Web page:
There is a perception of this crime as an isolated incident that I feel is incorrect. I am not the only one who feels this way – the #YesAllWomen movement on Twitter, as well as really every feminist and humanist rally out there, acknowledges that this hatred is sadly not isolated. What happened in Isla Vista was an extreme version of an all too common incident. While there is no rationalization to be learned from the killer (NOTHING will ever make what he did forgivable – in any circumstance), there is an alarming window into society. The killer was not evil, he was a human being. He grew up in the United States, he had an education – he was probably a very intelligent individual. That is what makes it frightening. We’re not dealing with a boogeyman, we’re dealing with a person. That is why I am writing this article.

Let me show you a video from Joss Whedon that I saw last year:

Whether you agree with all the points he made or not, there is one line that simply sums up the issue at hand: “You either believe women are people or you don’t. It’s that simple.”

Unfortunately, I believe that it has been (and to a lesser extent, still is) part of the American culture to view women as less than men… as less than people. Now, that is a loaded statement. For the record, I do not believe that American culture directly creates misogyny (hatred towards women), I believe that is only one reaction. Our culture is far more guilty of creating the attitude that, while women are special, they are not people like us men. It goes back to the image of the hero. I have posted this quote on this website before:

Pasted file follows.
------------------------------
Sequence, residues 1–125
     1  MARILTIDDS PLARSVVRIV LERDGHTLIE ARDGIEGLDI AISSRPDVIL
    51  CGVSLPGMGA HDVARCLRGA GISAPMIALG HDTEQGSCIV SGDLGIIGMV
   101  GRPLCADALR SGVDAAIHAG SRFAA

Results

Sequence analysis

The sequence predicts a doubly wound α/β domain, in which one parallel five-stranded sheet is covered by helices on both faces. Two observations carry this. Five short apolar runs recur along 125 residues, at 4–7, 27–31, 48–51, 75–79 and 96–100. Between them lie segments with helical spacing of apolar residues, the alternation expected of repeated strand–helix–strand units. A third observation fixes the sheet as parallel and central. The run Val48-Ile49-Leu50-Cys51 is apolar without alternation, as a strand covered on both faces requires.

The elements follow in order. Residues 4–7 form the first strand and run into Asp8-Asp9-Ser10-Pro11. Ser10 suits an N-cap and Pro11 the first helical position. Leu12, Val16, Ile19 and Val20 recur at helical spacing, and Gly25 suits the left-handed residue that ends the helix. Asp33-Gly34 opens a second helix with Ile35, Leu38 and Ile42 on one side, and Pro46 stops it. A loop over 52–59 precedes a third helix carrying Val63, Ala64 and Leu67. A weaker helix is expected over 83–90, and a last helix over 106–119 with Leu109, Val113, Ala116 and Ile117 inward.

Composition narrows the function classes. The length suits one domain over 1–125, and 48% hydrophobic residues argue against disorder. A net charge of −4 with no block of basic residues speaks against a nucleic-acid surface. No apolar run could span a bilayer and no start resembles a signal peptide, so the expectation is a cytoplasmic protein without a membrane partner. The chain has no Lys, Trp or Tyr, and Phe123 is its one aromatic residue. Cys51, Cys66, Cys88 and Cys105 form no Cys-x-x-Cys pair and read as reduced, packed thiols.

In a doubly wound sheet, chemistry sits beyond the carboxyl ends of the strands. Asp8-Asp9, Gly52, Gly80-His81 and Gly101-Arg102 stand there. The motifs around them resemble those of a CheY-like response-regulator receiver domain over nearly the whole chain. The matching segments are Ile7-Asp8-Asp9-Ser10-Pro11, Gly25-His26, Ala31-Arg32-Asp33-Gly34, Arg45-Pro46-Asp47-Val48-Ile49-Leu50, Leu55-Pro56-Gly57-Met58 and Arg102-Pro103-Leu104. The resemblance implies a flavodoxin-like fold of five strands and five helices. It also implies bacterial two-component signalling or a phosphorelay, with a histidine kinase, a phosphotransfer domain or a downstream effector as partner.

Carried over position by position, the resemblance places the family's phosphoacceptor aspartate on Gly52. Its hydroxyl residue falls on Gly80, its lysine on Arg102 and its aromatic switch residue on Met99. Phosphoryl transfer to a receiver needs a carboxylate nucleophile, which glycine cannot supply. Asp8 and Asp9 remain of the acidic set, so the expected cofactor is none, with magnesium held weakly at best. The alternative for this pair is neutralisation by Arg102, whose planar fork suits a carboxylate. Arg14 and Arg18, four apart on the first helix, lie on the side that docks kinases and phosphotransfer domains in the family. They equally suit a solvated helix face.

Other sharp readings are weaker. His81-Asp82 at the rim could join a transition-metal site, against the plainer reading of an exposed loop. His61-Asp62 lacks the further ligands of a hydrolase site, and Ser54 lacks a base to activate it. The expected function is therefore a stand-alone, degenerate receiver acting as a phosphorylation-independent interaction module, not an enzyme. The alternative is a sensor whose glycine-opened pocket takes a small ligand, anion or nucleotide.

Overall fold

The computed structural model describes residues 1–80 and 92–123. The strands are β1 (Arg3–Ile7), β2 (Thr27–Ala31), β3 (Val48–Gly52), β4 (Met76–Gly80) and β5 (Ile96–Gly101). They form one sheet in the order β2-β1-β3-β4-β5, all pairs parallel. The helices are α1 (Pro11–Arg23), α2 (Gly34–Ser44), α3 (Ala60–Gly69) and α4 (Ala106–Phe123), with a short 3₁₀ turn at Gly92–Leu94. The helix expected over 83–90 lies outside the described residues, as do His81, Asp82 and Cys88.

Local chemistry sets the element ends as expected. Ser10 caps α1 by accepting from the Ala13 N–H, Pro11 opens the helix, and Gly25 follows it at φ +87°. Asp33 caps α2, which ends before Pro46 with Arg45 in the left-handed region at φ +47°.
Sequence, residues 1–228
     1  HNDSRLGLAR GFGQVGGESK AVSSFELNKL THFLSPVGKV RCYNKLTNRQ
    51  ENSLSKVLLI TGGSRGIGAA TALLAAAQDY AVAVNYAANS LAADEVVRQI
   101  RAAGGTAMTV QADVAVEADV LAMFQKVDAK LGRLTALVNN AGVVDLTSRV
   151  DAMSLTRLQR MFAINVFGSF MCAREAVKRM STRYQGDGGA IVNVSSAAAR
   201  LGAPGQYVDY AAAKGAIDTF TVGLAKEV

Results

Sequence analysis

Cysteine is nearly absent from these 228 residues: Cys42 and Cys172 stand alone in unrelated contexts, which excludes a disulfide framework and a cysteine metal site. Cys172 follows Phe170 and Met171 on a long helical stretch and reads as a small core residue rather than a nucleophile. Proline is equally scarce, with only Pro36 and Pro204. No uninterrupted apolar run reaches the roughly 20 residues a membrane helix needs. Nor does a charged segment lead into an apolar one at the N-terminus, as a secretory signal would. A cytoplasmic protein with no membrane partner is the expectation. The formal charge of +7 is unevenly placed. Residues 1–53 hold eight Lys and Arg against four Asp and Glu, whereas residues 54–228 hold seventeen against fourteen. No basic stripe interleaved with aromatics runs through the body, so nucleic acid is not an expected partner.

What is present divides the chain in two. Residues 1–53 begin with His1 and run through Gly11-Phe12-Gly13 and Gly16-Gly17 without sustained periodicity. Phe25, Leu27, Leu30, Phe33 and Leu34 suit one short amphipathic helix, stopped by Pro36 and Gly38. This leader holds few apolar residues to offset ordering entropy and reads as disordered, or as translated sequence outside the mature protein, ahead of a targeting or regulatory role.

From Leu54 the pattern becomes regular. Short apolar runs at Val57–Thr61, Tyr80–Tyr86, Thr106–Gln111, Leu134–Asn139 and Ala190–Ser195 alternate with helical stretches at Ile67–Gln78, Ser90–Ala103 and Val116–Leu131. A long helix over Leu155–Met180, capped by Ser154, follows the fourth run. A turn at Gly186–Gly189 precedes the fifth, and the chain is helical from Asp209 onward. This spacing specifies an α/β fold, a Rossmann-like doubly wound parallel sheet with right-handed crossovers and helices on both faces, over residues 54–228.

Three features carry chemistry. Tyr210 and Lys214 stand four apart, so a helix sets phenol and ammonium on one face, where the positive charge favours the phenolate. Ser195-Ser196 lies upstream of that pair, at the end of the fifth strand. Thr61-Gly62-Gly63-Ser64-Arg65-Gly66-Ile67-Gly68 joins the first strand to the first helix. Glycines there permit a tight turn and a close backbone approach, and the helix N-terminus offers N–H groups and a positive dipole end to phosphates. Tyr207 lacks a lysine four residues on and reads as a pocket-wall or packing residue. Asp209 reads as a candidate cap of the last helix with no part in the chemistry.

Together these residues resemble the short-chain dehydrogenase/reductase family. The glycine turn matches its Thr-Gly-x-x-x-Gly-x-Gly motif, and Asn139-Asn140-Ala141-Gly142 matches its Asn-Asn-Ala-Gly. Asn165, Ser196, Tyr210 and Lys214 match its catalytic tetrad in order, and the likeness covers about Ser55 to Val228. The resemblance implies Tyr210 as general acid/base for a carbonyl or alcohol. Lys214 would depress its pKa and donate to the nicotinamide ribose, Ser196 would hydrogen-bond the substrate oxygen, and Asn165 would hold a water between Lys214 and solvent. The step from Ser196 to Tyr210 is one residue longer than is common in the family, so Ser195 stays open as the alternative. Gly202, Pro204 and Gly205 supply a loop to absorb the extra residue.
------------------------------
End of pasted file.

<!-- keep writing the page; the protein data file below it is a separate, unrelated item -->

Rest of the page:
eagleLook at that, there’s even a bald eagle next to it. This, to me, is still a beautiful quote. However, the term “hero” is problematic. What is a hero? Well, if you look at culture – you have Hercules, Superman, Han Solo, Indiana Jones, Batman… there are hundreds of examples (many of them are women, I am just focusing on the males to make my point). All of these characters are heroes and they all share similar qualities. They never give up, they keep fighting, they are true to themselves, etc. This pays off in victory. The hero saves the day, beats the bad guy, grabs the girl, and rides off into the sunset. Wait, slow down – grabs the girl? Yes, in many hero narratives, the good guy gets the girl – simply by being a good guy. This makes for wonderful literature but HAS (not could – HAS) contributed to a lesser view of women in society: simply that they are a treasure to be won. A reward for being good.